Actually, yes, but they aren’t all far off places. There are many places in Canada that do not have such amenities, many that don’t even have a priest to offer Mass an the sacraments. Many Catholics die in the winter and can’t have a requiem Mass because no priest is available or able to access the place.

  9. ejcmartin says:

    Michael_Thoma we recently had in our little diocese beyond the overpass a funeral for a well known local son, who was nominally Catholic. (He had an Irish sounding last name, but that might be the most of it.) During the “funeral” Buddhist chant was included along with dancing in front of the sanctuary to the deceased’s music. And yes, the bishop is aware and all involved are still smiling for the TV cameras. (MSM thought is was all just grande!)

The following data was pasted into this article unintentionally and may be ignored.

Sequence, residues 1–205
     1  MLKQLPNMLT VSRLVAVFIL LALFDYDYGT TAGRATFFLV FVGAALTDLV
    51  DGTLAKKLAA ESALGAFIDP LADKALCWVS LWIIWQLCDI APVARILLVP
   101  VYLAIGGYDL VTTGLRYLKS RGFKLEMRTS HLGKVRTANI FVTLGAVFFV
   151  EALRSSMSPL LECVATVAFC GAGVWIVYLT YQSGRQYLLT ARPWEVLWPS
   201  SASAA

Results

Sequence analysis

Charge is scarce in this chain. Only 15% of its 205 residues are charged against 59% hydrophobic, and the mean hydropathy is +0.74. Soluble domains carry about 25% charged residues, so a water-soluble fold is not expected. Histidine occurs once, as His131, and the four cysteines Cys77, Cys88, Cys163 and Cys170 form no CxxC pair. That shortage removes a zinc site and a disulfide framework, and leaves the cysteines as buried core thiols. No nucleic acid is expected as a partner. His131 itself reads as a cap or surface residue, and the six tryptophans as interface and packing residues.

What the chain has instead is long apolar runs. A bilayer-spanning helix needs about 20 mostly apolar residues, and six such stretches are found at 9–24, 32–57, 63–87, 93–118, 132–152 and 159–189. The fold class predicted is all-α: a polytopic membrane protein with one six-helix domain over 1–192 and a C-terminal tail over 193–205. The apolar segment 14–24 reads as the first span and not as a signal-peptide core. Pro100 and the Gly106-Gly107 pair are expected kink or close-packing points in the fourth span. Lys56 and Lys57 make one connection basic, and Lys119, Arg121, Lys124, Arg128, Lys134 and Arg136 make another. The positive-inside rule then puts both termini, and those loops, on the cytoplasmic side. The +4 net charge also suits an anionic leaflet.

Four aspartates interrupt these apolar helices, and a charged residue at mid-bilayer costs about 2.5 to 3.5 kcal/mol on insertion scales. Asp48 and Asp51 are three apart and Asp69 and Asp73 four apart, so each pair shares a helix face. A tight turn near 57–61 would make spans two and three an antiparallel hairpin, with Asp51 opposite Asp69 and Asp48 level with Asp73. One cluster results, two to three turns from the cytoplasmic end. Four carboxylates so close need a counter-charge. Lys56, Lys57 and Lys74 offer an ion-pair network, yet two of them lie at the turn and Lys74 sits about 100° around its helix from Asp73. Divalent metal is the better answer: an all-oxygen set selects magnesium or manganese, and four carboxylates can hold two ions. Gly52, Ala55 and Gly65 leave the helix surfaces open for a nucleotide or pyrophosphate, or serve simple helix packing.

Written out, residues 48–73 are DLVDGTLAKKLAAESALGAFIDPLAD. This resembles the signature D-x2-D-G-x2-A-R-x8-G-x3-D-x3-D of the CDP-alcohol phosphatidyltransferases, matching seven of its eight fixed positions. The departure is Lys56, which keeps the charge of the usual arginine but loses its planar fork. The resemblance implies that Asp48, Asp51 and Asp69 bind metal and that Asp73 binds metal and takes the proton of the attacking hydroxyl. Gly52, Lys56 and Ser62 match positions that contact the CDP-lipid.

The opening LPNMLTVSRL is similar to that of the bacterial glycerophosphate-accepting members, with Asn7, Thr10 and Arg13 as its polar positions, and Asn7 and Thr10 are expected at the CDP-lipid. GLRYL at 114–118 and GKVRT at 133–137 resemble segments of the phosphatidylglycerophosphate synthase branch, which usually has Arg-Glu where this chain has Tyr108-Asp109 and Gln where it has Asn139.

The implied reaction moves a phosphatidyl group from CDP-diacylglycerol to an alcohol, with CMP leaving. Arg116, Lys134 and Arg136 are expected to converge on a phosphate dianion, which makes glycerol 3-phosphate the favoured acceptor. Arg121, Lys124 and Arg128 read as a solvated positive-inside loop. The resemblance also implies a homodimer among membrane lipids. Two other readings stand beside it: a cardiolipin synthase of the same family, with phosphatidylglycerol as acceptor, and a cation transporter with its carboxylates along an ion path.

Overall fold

10. Father P, that’s a wise observation. I think it’s good to point out this goes both ways.

    I used to work in a certain state that has only a single Catholic Youth Camp despite well over 1,000,000 Catholics. This lead to often using a Protestant camp for youth ministry weekend activities. Like Methodists using a Catholic Church, the bishop had no issue with using the Protestant chapel and even reserving the Eucharist in a portable tabernacle on condition no there was no non-Catholic use of the chapel while the Eucharist was reserved.

    However, when on one occasion we were forced to rent a secular camp due to booking complications, the bishop gave permission for Mass in a room but forbid reserving the Eucharist.

  11. acardnal says:

    Excellent advice given by Fr Z and his parables once again.

    I just hope there was not a funeral pyre in the nave, too!

  12. JamesM says:

    The Spirit of Vatican II is very clear that the laity are to be involved as much as possible.